Sunday I tossed the Trek into the truck and drove down to the Rock. Jim was the only rider waiting there - Campbell had cancelled due to a conflict. We rode at a gentler pace due to Jim's damaged left knee, heading right down the long hills to the steel bridge. We had turned and started back when I had a slow speed uphill fall - my first of the year. Moments later, we cleared the trail as Milo, Tom, Sean, Pepe, Gratin, Ashby and some young guys I don't know came roaring by in the other direction.
I had a couple of chain slips and stopped for a second to reset the chain tensioner. Whups - I needed wrenches. Jim was on up the trail while I dug out my multi-tool and cinched down the SoulCraft - but I caught up to him near the next big fallen log. Apparently, he'd been talking to himself thinking I was behind him, and he hadn't realized he was alone until he stopped for the log.
We went out to the road and took the trails down past Memorial Brid
ge and through the next section. When we hit the road at the end of the trail, Connie and Donis were waiting - they'd apparently set out after we had. After a very brief chat, we headed back to the Rock in an attempt to keep Jim's knee from cooling off and seizing up.
We were overtaken again by the fast guys, who had apparently done the grand loop of the trails. They were going uphill on the trail about as fast as I ride flat terrain on roads. Once more I fell back behind Jim, feeling Saturday's fixed-gear ride in my legs, but I caught up to him on the last stretch. I wound up with 16.1 miles for the day and was glad to finish the ride in one piece.
best-laid plans and new pedals
Sunday Ainsley and I were going to go do a mini-epic fixed-gear ride. I mapped out the Greenwood-Troy-Greenwood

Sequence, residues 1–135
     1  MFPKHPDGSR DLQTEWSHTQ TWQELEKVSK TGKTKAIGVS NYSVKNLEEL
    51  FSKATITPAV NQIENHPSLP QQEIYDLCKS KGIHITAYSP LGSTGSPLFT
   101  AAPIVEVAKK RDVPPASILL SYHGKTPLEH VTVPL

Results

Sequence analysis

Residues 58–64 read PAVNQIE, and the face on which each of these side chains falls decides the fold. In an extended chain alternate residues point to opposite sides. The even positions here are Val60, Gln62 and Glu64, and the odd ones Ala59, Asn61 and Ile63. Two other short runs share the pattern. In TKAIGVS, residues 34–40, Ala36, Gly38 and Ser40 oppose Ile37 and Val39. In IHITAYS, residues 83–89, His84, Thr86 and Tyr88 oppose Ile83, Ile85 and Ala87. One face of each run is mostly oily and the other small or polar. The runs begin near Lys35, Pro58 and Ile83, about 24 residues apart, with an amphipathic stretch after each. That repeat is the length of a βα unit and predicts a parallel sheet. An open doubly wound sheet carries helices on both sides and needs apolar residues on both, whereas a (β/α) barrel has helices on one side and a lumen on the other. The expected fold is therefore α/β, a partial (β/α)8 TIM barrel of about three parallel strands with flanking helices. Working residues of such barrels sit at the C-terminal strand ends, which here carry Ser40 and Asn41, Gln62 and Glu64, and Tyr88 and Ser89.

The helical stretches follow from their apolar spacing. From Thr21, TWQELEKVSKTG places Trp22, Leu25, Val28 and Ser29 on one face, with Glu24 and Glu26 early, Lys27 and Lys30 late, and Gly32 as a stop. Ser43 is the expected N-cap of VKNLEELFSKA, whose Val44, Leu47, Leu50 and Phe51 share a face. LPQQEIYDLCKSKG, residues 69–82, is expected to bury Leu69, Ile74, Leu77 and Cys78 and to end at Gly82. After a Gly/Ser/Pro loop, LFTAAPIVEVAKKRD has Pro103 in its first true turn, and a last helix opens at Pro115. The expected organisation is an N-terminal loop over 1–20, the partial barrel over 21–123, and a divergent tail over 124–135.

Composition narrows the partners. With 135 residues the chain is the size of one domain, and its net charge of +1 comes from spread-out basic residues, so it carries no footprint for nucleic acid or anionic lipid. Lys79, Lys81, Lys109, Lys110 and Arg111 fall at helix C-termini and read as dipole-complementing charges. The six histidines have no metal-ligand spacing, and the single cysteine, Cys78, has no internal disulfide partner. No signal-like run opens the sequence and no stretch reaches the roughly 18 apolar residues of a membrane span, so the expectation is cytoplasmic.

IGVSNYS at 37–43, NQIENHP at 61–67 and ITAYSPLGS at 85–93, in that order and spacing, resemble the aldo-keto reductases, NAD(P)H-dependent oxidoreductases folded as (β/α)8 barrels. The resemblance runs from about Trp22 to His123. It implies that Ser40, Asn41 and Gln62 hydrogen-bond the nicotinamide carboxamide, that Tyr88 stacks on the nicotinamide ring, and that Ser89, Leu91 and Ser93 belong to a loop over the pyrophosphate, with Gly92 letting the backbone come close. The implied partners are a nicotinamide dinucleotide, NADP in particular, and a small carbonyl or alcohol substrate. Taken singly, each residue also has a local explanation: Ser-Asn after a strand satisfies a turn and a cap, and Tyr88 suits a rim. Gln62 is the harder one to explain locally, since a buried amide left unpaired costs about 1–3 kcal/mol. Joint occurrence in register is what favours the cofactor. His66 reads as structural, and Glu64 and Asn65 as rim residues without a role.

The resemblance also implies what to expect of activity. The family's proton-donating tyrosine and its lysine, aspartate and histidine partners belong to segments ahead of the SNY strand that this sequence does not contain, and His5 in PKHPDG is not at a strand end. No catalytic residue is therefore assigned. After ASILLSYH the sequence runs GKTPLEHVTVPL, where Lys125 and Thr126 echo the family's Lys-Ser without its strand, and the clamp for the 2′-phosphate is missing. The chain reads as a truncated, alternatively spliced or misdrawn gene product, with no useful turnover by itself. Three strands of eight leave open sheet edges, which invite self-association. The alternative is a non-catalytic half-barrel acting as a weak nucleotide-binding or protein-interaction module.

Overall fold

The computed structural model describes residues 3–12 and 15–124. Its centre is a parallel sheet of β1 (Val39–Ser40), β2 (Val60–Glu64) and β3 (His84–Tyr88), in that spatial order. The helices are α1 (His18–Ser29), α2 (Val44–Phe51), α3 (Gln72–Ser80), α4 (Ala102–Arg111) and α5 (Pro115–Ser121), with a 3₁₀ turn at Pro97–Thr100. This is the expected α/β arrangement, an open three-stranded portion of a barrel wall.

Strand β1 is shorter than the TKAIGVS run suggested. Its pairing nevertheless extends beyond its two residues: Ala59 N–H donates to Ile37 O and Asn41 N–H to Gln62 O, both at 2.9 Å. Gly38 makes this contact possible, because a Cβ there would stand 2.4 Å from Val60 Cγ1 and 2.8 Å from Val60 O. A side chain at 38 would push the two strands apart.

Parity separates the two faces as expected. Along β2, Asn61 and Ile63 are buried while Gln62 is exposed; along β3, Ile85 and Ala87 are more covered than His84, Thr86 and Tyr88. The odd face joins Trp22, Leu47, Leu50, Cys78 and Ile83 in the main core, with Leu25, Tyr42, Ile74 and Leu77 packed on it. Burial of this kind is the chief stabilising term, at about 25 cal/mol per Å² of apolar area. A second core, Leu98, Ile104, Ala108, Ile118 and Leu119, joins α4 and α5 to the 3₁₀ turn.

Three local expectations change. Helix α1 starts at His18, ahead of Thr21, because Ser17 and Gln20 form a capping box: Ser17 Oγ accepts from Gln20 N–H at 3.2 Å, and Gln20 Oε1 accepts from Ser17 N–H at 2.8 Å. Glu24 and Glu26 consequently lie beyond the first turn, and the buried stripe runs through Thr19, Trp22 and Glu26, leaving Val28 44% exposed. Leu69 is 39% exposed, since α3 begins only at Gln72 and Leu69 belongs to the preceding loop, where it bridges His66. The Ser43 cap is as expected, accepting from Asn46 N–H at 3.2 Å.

loop at routeslip.com, looked at it, and emailed Ainsley with the suggestion that we amend the route. To clip it, we would skip the (glorious!) dirt roads down near the Long Cane Massacre site, complete with the magnificent bridge over Long Cane Creek built by the National Guard. It looked like a good plan, and Ainsley and I figured we could do the ride in a reasonable amount of time.
Ana and I went out Saturday night, catching a show up at the Handlebar by the Killer Whales. I hadn't seen the Whales play since, oh, 1985 or so. It was a good show, though it ran later than I thought it would. I got to bed about 3:00 a.m. Sunday morning and wondered what sort of shape I'd be in for the ride.
Ah, but it rained Sunday morning, and rained more heavily as the day wore on. It's early in the autumn here, and we're not yet ready to ride dirt roads on the rain the way we will be come January. So instead of riding, I stayed home and lolled on the couch and set routes up on routeslip.com.
Saturday afternoon I had come home from riding to find a box from Nashbar waiting for me. After replacing all my clipless pedals with clips and straps in 2001, I had broken down and gotten myself a set of Crank Brothers Egg Beater pedals and some shoes to go with them. I'd put them on the Trek and set the cleats up and managed a very short hop around the block to check them out.